Ball publishes climate transition plan on road to net-zero

The world’s largest aluminium packaging producer, Ball Corporation, has published a new transition plan detailing how it intends to deliver a net-zero emissions value chain by 2050 or sooner.

Ball publishes climate transition plan on road to net-zero

The plan increases Ball Corporation’s interim emissions reduction targets for 2030. It had previously been targeting a 55% reduction in Scope 1 (direct) and Scope 2 (power-related) greenhouse gas emissions by 2030, against a 2020 baseline, plus a 16% reduction elsewhere in the value chain (Scope 3) within the same timeframe.

Now, the business is aiming for a 55% reduction in emissions across the entire value chain, stating that the previous goal was aligned with a 2C temperature pathway and the new one is 1.5C-aligned.

“The fight to keep the 1.5C limit alive will be won or lost in this decade; Ball’s focus has been on achieving 55% reductions by 2030 with existing commercial technologies and applying best practice policies,” said the business’ chief sustainability officer Ramon Arratia.

The plan sets out several key focus areas and projects for the coming years to deliver the new target. On operational emissions, Ball will strive to use 75% renewable electricity by 2025 and 100% by 2030, up from 28% in 2022. It is also targeting a 30% improvement in energy efficiency this decade.

Scope 3 emissions notably account for around three-quarters of Ball’s total emissions footprint, so the new plan sets out measures to better engage and support suppliers as they innovate on energy efficiency, clean energy, sustainable sourcing and material efficiency. It notes that many suppliers are already demonstrating climate ambition, stating: “Between 2020 and 2023, almost all our key aluminum beverage and aerosol customers published aggressive net-zero plans, often setting out to achieve net-zero emissions by 2040.”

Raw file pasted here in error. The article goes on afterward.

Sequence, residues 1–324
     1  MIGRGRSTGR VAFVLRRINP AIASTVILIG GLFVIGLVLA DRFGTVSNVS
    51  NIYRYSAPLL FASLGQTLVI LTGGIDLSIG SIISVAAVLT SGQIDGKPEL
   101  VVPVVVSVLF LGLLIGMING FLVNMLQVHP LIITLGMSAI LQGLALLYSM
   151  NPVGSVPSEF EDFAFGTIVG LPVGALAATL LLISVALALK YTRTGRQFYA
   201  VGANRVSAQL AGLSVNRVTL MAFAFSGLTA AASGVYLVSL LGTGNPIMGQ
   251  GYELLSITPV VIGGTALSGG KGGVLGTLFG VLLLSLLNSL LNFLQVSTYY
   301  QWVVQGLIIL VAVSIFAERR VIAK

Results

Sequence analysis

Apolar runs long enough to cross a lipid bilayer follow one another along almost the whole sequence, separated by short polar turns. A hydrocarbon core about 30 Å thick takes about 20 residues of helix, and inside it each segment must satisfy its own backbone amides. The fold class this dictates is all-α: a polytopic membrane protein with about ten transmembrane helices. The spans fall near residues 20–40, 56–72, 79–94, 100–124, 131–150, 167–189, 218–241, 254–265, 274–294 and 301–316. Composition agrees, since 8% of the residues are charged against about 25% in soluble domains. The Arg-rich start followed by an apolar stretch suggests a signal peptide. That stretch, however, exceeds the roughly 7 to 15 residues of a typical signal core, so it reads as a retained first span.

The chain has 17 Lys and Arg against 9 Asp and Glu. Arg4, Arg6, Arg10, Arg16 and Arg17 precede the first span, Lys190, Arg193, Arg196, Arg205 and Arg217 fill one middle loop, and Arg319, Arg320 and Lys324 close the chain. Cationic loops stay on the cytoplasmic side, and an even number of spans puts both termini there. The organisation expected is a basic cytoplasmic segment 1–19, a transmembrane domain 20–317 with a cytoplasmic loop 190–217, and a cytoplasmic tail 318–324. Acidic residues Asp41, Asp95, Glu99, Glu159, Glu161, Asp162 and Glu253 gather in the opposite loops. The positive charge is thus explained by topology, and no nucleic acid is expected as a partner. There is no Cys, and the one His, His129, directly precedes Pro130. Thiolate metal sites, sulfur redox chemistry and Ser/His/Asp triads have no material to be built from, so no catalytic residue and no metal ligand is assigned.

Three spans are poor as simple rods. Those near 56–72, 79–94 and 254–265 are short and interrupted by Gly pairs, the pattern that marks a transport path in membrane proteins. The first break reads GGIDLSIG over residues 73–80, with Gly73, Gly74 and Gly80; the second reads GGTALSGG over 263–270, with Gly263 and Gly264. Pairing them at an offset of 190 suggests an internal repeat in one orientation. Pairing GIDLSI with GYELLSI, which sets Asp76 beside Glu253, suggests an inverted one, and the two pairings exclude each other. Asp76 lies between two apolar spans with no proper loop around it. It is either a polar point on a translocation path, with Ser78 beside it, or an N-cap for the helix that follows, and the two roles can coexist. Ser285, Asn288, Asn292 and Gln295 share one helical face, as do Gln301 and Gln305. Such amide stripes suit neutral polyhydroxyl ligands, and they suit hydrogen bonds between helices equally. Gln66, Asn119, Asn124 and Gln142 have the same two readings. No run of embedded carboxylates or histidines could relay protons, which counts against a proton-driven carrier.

Ball is striving to avoid the use of offsetting to reach its own operational net-zero goal and is encouraging suppliers and customers to take the same approach.

Policy advocacy

Ball has stated that it will only be able to achieve its transition plan in a scenario where national and regional policy frameworks become increasingly enabling of the shift towards a net-zero economy and more circular economy. As such, the plan covers policy advocacy, with new pledges to improve transparency on Ball’s own lobbying and the lobbying of industry bodies of which it is a member. It also covers moves to improve board oversight of climate and policy processes.

A key policy engagement area for Ball is the circular economy. The business stated in 2021 a vision to achieve a a global recycling rate of 90% for beverage cans, bottles and cups, and an average 85% recycled content in those products, as soon as possible. Achieving these milestones will require nations to operate deposit return schemes and to clearly set out plans for scaling recycling infrastructure, Ball has stated. 66% of Ball’s packaging content in 2022 was recycled, up from 63% in 2021.

UK mandate

Large businesses headquartered in the UK and operating in some high-emission sectors are set to be subjected to a mandate on climate transition plan publications in the coming months. The mandate was first announced by then-Chancellor Rishi Sunak at COP26 in November 2021. The UK Government subsequently convened a new Transition Plan Task Force to shape a ‘gold standard’ for these plans.

The Task Force has recommended that corporates publish plans this year, then an update in 2026. In 2024 and 2025, information material to the plan should be included in financial reporting. Advice has also been provided on what, exactly, the plans should cover.

Following the publication of the Task Force’s latest advice last month, Sunak is now facing calls from the finance sector to firm up the mandate’s timelines – and to extend it to all large businesses, regardless of sector, given that the UK is off-track to meet its 2050 net-zero target and interim carbon budgets.

Without a national mandate in any other market, and with the UK’s still taking shape, transition planning is in its relative infancy. CDP has stated that less than half a percent of 18,600 companies that disclosed climate information through its platform last year have a credible climate transition plan .

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